But with World of Color’s solid audience approval numbers, and the major attendance shift it’s already created for Anaheim, the realization set in that not only does DCA not need the Electrical Parade now to attract night crowds, but a Christmastime run past the Paradise Park viewing area each night would only create unnecessary crowd headaches. The plan now is to do at least three World of Color shows per night at busy periods this winter, although the shows wouldn’t start until several hours after the early evening sundown to continue to fuel dinner sales.
While the original agreement last winter to send the Electrical Parade out to Florida originally caused some consternation amongst TDA executives, the thought now is that Anaheim has simply moved beyond the parade, although there is a faction in the Entertainment Department emotionally attached to it after their extensive refurbishment and refresh they lovingly gave it in ‘09. But the casual shoulder shrug shown by locals when the parade said goodbye this past April didn’t help much either. It’s now clear to TDA that West Coast audiences have fallen for World of Color, and there’s no longer a need for the aging 20th century Electrical Parade.
However, there was a bit of negotiating going on internally at TDA over the decision to say goodbye to the Electrical Parade. Disneyland’s Entertainment Department, a notorious bunch with more than a twinge of show business attitude, was still furious over the outside contractors that DCA Vice President Mary Niven tapped to quickly design and operate Glow Fest this summer season. As regular readers know, Glow Fest turned out to be the sleeper hit of the summer with both the customer survey statistics and the overflowing cash registers at the glowtini bars, and that left Disneyland’s Entertainment Department quietly seething (or loudly complaining, depending on the day of the week). The result is that the Entertainment Department, suddenly missing a major parade and with a bruised ego, has now been allowed to stage an all-new version of Glow Fest beginning this fall.
The new version of this nighttime street party, to be designed and staffed entirely in-house by the Entertainment Department, currently has the working title “ElecTRONica”. The theme will play up the new TRON movie to be released this Christmas, and some of the same folks from the Studios who pulled off some of the TRON marketing stunts at recent ComicCon events down in San Diego have been consulted for the DCA version. Several elements of the popular Glow Fest will be re-used, like the street team dancers, the go-go girls, and the very successful cocktail bars set up in the middle of the street. ElecTRONica will also use the old Millionaire building in the back of the Hollywood section, to house a TRON themed video arcade. Disneyland’s Entertainment Department is working feverishly on this one, as they want to ensure that their version of this street party is more successful than the outside contractor’s version was, if only to convince the TDA executives to never again use an outside group to provide in-park entertainment. (And those divas have been busy online too, making sure everyone knows what they're doing.)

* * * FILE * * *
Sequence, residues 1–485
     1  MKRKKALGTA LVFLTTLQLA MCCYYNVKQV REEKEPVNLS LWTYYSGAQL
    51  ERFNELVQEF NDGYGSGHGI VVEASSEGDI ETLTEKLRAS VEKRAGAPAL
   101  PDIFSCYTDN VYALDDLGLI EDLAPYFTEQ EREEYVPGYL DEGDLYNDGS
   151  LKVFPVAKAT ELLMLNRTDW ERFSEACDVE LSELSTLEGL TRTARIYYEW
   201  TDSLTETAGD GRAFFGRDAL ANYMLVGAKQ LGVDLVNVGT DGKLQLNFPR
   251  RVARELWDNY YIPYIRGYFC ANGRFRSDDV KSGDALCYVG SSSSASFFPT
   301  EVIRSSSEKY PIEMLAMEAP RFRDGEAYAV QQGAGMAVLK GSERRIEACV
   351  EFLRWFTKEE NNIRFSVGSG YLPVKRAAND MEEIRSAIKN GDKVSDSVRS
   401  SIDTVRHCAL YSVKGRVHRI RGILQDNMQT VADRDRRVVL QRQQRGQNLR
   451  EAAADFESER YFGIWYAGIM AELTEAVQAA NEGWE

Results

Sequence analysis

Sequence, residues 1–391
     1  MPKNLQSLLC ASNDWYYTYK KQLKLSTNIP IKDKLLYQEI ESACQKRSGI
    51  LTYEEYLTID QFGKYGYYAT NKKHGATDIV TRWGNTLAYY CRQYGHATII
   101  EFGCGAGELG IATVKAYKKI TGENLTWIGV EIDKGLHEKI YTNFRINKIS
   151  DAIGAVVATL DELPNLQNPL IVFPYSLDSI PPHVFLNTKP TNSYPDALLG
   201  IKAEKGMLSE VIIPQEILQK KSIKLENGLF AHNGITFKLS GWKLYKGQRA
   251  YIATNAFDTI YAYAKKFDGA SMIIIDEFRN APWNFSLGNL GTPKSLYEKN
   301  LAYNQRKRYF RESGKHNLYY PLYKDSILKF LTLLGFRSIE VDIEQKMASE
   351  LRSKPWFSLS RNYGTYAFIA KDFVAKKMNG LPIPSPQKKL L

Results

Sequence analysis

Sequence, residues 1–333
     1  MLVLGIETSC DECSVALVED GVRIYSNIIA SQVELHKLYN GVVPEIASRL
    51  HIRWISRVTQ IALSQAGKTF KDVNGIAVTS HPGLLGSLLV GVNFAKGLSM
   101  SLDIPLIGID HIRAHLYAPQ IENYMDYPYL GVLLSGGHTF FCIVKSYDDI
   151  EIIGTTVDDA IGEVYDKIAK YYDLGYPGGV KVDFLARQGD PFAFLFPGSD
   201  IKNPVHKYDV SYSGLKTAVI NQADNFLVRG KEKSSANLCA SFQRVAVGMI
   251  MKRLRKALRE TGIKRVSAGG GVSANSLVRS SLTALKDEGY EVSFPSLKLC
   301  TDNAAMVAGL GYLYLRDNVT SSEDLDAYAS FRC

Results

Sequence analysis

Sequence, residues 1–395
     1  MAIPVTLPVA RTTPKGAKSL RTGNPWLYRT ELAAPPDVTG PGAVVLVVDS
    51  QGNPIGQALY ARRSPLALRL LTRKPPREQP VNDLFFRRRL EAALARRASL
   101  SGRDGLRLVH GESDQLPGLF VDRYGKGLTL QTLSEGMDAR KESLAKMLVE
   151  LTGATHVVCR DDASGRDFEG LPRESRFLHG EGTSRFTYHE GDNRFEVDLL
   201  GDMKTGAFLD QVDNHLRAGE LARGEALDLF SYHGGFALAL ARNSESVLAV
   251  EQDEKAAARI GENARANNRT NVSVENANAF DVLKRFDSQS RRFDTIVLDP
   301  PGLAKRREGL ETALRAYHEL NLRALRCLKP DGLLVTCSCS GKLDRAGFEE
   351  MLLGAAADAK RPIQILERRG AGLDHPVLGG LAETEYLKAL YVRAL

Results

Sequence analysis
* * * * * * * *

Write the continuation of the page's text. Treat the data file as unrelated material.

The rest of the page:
You would think Disneyland’s Entertainment Department would have been thrilled just to debut the very fancy and lavishly funded new Soundsational parade early in 2011, as that parade is truly the worthy successor to the beloved Parade of Dreams from the 50th celebration. But those outside contractors operating Glow Fest each night were truly a thorn in their side, and the Entertainment Department is simply not going to be able to rest until they are off property at the end of August. Celebrate A Street Party will have its final run this fall, and then close on November 11th to make way for the Christmas Fantasy Parade that starts the following day. Celebrate won’t come back this winter, and there will be a brief lull in the parade schedule for Disneyland until Soundsational can begin in late winter. World of Color is being budgeted for at least one show per night, seven days a week for Fiscal Year 2011, so weeknight showings this January should pick up the slack with no parade at Disneyland until late winter.
Once the curtain comes down on ElecTRONica on January 2nd, there likely won’t be an opportunity to stage a similar event next summer due to the massive construction the Buena Vista Street project will create throughout 2011. The main entrance team has been worrying about that project for two years now, so much so that the original 2010 construction timeline was pushed back into 2011 over World of Color crowding concerns, a decision that now seems very wise considering the big hit World of Color has become. But eventually the rather cheap two-dimensional DCA entrance from 2001 will need to be completely removed and replaced, a huge project unprecedented for the entrance of any Disney theme park.